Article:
For part-time workers, saving for retirement can be a challenge. Many part-time employees are often excluded from 401(k) plans because they often don’t meet the plan’s eligibility requirements. This includes many students, parents and individuals with multiple part-time jobs. However, new legislation that goes into effect on January 1, 2024, is about to change that.
Effective on January 1, 401(k) plans must allow employees who have worked more than 500 hours of service in three consecutive 12-month periods to contribute elective deferrals to the plan. Let’s look at an example.
Alex was hired in 2016 as a part-time employee. She has never been able to participate in the company’s 401(k) plan because she didn’t meet the 1000 hours requirement. In 2021, 2022 and 2023, she worked 600 hours per year. She has worked more than 500 hours and completed three consecutive 12–month periods, so she can enter the plan on January 1, 2024.
Riley was hired on May 15, 2021 as a part-time employee. He worked 400 hours in 2021, 600 hours in 2022 and 600 hours in 2023. On May 15, 2024, he completed three consecutive 12-month periods; however, he did not work enough hours to be eligible.
Importantly, employers must properly track employee hire dates and hours worked to determine eligibility. Tracking hours is crucial to determining employee eligibility for the plan, including tracking periods starting from January 1, 2021 (since that date going forward determines eligibility). Additionally, employers should be aware of the administrative burden involved in operating their plans and how these changes will affect plan operations under the Long-Term, Part-Time provisions.
According to these rules, employers are not required to make employers contributions to the accounts of LTPT employees, which includes contributions under safe harbor 401(k) plan provisions and top heavy minimums but if employers want, they can. Additionally, employers can choose to exclude employees from nondiscrimination testing related to elective deferrals, employer match and nonelective contributions. See your TPA for more specifics.
2025 and Beyond
For 2025 and with the modifications in SECURE 2.0, the rules change again. An employee only needs two consecutive 12-month periods with more than 500 hours of service to be eligible to participate in the company’s 401(k) plan.
Riley was hired on May 15, 2021 as a part-time employee. He worked 400 hours in 2021, 400 hours in 2022, 600 hours in 2023 and 600 hours in 2024. He has completed two consecutive 12-month periods with more than 500 hours; he is eligible to participate in the company’s 401(k) plan on the next entry date.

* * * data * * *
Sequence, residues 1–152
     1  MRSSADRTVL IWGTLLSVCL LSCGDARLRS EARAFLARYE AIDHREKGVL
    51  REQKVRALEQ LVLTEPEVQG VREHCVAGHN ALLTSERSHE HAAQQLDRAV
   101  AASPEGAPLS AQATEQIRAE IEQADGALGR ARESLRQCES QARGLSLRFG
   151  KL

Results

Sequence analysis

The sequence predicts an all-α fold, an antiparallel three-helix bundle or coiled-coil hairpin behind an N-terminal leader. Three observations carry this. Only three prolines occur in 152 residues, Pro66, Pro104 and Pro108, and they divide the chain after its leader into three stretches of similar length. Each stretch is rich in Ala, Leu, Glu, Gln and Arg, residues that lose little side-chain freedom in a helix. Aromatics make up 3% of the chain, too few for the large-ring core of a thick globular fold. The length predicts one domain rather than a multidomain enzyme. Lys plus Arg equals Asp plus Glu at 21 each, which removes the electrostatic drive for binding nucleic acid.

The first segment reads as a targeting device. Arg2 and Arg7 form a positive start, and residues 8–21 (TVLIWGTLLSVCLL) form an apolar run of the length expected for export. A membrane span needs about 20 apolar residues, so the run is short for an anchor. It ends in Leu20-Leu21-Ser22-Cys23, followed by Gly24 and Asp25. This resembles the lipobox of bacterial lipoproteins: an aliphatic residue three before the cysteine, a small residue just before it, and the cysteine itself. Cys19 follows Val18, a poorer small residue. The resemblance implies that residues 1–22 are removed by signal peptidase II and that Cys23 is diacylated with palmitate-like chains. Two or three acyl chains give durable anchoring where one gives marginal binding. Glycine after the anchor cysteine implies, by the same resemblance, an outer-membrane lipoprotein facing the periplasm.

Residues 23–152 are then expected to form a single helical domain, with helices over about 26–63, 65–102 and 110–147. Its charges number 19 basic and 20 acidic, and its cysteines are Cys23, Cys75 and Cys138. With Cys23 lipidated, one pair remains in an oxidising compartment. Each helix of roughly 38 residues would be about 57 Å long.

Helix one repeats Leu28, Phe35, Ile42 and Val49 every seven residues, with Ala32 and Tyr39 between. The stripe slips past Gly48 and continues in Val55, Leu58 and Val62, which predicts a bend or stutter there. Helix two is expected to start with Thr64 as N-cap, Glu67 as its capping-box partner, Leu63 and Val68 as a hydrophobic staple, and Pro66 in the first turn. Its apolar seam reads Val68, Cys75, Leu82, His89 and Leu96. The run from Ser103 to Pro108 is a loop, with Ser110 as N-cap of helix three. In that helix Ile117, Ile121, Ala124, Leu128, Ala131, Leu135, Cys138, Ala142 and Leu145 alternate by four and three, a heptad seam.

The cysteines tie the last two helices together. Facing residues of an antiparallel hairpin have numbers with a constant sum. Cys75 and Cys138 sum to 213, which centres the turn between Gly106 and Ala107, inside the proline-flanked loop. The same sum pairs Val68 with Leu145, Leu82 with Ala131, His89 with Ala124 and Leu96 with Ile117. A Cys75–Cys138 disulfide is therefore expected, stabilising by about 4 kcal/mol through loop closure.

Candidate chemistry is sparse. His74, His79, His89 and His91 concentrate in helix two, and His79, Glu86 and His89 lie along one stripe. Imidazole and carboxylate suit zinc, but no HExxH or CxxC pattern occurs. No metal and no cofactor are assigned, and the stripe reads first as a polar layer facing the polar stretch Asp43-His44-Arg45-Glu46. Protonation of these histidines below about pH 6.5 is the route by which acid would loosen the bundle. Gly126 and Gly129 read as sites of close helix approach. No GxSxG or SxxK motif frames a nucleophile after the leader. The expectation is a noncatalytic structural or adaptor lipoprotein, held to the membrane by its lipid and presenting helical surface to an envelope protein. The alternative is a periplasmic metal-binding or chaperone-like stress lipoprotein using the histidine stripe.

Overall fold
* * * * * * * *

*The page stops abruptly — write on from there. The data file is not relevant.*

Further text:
Understanding Plan Eligibility
In summary, the LTPT provisions are a significant change to retirement plan eligibility requirements. While the SECURE 1.0 and 2.0 Acts offer solutions, employers must take action to properly track employee hours and ensure those employees become aware of their eligibility to join the 401(k) plan.
Employers should also evaluate their plan design and consider whether allowing all employees to contribute immediately upon hire would be worthwhile. By working closely with your third party administrator and plan advisor, employers can ensure that they are meeting the requirements of the SECURE 1.0 and 2.0 Acts and offering employees the best possible retirement savings opportunities.
Meet Julia, a people-focused life-long learner with several years of experience in the retirement plan industry. Throughout her career, Julia has been committed to maintaining strong client relationships by providing incredible customer service. She is passionate about helping clients define and plan for their retirement goals. Julia’s daily role at the firm energizes and reinforces her commitment to client-focused work.
Since 2012 at Rose Street, Scott has been responsible for helping the firm’s individual wealth management clients with income strategies for retirement and consulting with employers with their employee retirement plans. In free time, he enjoys golf, biking, skiing, cooking, and traveling. Fun fact, Scott has a hobby of filling growlers with coins!
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This information was developed as a general guide to educate plan sponsors and is not intended as authoritative guidance or tax/legal advice. Each plan has unique requirements, and you should consult your attorney or tax advisor for guidance on your specific situation.
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